The OMC framework (its elements and process) at least normatively contribute to the achievement of the common EU strategic goals and in ensuring good governance in the EU. Realising the OMC as good governance requires that various actors are actively involved in policy learning processes at different levels of the EU. Research results (Lajh & Štremfel, 2011; Ecorys, 2014) show that the OMC process and its potential are currently not well known among (national) actors, what may be seen as an important obstacle to their more proactive role in the OMC process.

From that perspective, it is crucial that all actors important for tackling ESL in the EU (not only policy-makers and experts, but also non-governmental organisations, social partners and practitioners) know and understand the OMC process through which EU strategic goals are framed (e.g. smart, sustainable and inclusive growth), measured by specific indicators and benchmarks (by 2020 the share of ESLers from education and training should be less than 10%), translated into national policies (e.g. by setting specific national targets and adopting national ESL strategies) and periodically monitored (by regular qualitative and quantitative reporting and mutual learning processes) (see Figure 1).

In the article, this normative OMC framework is presented and illustrated with examples of specific results which can be used by many actors dealing with ESL at the EU, national, regional, local and school levels. Their better awareness of all the potential of the OMC could trigger their more active involvement in the OMC process, either via their active participation in the various OMC activities that were presented or by simply considering different guidelines (e.g. Policy recommendations, Toolkit for practitioners) already produced in the OMC framework in order to support policy-makers and practitioners in their efforts to tackle ESL alone or by engaging in various forms of partnership. Their acquaintance can therefore represent a step forward not only towards a more open, participative, accountable, effective and coherent OMC process but also towards more open, participative, accountable, effective and coherent EU and national policies against ESL through which they are framed.


[1Since Switzerland is not formally an EU member state, its involvement in the OMC processes is quite limited. According to different agreements, Switzerland is involved in various comparative studies and is an eligible country to receive financial support from various EU financial initiatives contributing to the development of educational policies and practices at the national level. Due to its constrained role in the OMC processes, practical insights into the reception of EU agendas in Switzerland in this article are very limited.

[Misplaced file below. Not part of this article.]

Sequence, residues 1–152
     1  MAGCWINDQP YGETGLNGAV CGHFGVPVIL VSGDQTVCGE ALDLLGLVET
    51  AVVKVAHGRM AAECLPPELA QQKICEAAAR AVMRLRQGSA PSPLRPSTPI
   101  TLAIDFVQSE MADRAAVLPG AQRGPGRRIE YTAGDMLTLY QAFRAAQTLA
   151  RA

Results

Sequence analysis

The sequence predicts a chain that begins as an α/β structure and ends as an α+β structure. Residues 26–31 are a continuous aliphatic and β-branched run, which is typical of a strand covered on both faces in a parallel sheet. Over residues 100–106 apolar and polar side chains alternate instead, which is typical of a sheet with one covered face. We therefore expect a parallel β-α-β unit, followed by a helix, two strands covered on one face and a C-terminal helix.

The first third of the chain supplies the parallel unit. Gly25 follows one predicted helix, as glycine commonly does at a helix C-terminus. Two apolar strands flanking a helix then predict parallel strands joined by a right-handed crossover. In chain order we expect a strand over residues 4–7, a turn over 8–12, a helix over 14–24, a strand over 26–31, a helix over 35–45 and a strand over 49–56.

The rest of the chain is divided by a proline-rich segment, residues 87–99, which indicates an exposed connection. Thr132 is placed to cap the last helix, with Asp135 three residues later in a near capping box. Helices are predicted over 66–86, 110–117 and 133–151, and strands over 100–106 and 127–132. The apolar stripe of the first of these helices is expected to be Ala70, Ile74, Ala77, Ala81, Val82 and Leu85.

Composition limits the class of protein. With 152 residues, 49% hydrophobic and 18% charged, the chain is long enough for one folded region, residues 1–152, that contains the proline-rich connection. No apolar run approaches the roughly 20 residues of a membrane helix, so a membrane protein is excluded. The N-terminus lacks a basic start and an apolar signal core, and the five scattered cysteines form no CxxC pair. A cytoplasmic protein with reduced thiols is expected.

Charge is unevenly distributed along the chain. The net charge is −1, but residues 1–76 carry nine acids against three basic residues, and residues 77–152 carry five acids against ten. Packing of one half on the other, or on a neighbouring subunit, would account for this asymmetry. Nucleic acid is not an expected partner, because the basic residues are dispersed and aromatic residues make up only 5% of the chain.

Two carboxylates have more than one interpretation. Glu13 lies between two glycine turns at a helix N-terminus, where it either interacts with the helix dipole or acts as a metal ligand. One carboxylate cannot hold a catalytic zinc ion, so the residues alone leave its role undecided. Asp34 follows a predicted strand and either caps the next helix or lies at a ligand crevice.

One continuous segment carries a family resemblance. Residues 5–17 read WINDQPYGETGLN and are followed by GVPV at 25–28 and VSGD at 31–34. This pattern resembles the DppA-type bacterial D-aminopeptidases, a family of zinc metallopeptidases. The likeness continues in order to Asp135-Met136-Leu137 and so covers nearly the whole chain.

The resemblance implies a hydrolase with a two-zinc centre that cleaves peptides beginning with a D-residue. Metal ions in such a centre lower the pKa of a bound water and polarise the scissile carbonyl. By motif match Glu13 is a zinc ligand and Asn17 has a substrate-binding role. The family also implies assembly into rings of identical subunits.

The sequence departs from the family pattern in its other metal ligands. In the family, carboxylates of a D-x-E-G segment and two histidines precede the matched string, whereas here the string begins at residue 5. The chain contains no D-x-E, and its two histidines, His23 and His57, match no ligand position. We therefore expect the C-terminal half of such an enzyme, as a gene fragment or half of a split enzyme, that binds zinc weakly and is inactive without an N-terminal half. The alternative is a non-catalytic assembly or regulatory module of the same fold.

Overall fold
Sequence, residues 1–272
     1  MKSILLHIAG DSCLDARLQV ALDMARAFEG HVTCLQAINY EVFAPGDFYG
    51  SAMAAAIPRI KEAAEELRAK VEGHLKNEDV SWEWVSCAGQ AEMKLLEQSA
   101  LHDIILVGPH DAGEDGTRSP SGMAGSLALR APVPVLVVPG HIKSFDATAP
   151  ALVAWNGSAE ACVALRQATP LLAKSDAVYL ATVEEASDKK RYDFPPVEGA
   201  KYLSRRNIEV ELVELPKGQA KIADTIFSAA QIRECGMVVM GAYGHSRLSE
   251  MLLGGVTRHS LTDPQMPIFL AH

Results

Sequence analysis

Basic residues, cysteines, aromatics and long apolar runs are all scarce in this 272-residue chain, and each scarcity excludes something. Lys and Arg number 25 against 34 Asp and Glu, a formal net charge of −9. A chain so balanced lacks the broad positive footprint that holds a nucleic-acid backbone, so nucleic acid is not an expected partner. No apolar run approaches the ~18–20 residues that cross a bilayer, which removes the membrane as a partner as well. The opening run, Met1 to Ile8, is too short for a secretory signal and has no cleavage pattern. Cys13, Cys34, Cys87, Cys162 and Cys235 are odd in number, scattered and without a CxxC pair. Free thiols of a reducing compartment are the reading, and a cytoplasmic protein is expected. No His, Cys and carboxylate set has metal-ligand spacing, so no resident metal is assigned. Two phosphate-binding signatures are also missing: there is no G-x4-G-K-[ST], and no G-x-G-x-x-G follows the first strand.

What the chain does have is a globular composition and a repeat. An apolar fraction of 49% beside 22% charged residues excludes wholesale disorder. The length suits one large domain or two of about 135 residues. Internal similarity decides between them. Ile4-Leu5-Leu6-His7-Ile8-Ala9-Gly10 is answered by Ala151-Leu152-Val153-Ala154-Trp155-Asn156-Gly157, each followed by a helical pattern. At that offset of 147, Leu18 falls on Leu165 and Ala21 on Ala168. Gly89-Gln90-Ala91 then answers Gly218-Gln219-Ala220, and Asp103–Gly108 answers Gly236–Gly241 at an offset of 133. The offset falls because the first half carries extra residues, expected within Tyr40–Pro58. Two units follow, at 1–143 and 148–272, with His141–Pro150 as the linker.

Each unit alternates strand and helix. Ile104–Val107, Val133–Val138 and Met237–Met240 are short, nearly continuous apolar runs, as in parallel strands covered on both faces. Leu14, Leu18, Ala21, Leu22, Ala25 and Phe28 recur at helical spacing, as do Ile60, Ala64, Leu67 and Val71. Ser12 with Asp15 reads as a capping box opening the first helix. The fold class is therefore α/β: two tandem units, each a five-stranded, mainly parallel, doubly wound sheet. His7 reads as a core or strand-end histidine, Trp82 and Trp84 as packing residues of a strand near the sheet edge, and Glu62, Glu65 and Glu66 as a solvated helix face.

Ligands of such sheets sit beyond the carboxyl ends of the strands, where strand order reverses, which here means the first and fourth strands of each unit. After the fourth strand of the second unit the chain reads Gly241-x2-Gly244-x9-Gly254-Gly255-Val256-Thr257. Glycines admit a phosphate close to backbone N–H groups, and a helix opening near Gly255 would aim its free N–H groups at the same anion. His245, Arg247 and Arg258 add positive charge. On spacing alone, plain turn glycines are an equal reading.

[2Although ESL has been recognised as one of the priority areas of common EU cooperation since 2002, the article takes into account the second strategic framework of EU cooperation in the field of education (EU 2020 and ET 2020). References to their predecessors (Lisbon Strategy and ET 2010) are established only when needed to clarify some current issues. The reason for that is at least threefold: 1) EU 2020 and ET 2020 build on the achievement of the previous working period (2000–2009); 2) availability of the data from the previous working period is quite limited; and 3) the TITA project addresses the strategic priorities of the second working period (EU 2020 and ET 2020).

[3The Council wanted a strategic framework that would remain flexible enough to respond to new challenges and could therefore be regularly adapted. This is the reason for ET 2020’s 3-year work cycles with Joint Reports (adopted by the Council and the Commission) as a basis for establishing fresh priority areas for the ensuing cycle. An overview shows that ESL has been identified as a priority area in all three already activated cycles 2009–2011, 2012–2014 and 2015–2017. For example, in the current cycle (2015–2017) as a concrete issue in addressing one of the priority areas it is stated “Reducing ESL by supporting school-based strategies with an overall inclusive learner-centred vision of education and ‘second-chance’ and “Supporting initial education and continuing professional development at all levels, especially to deal with /…/ ESL /…/”. Review of the National Report on the implementation of ET 2020 in which member states were asked to point out priority areas which they find necessary to focus EU cooperation in the next working cycle (2015–2017) on reveals that all TITA countries actually conducting the (formally non-obligatory) report (France, Luxembourg, Slovenia) exposed the importance of strengthening EU cooperation on ESL from different angles.

[4Two of the six working groups (Working group on schools; Working group on promoting citizenship and the common values of freedom, tolerance and non-discrimination through education – follow-up to the Paris Declaration) only indirectly indicate ESL as a Relevant Europe 2020 target/ET 2020 benchmark, which their work is related to.

[5Another kind of reports, providing cross-national comparisons and important expert input to the OMC process, are various reports of expert bodies or networks (such as NESSE, 2010; European Parliament, 2011; EENEE, 2013; Eurydice, 2014).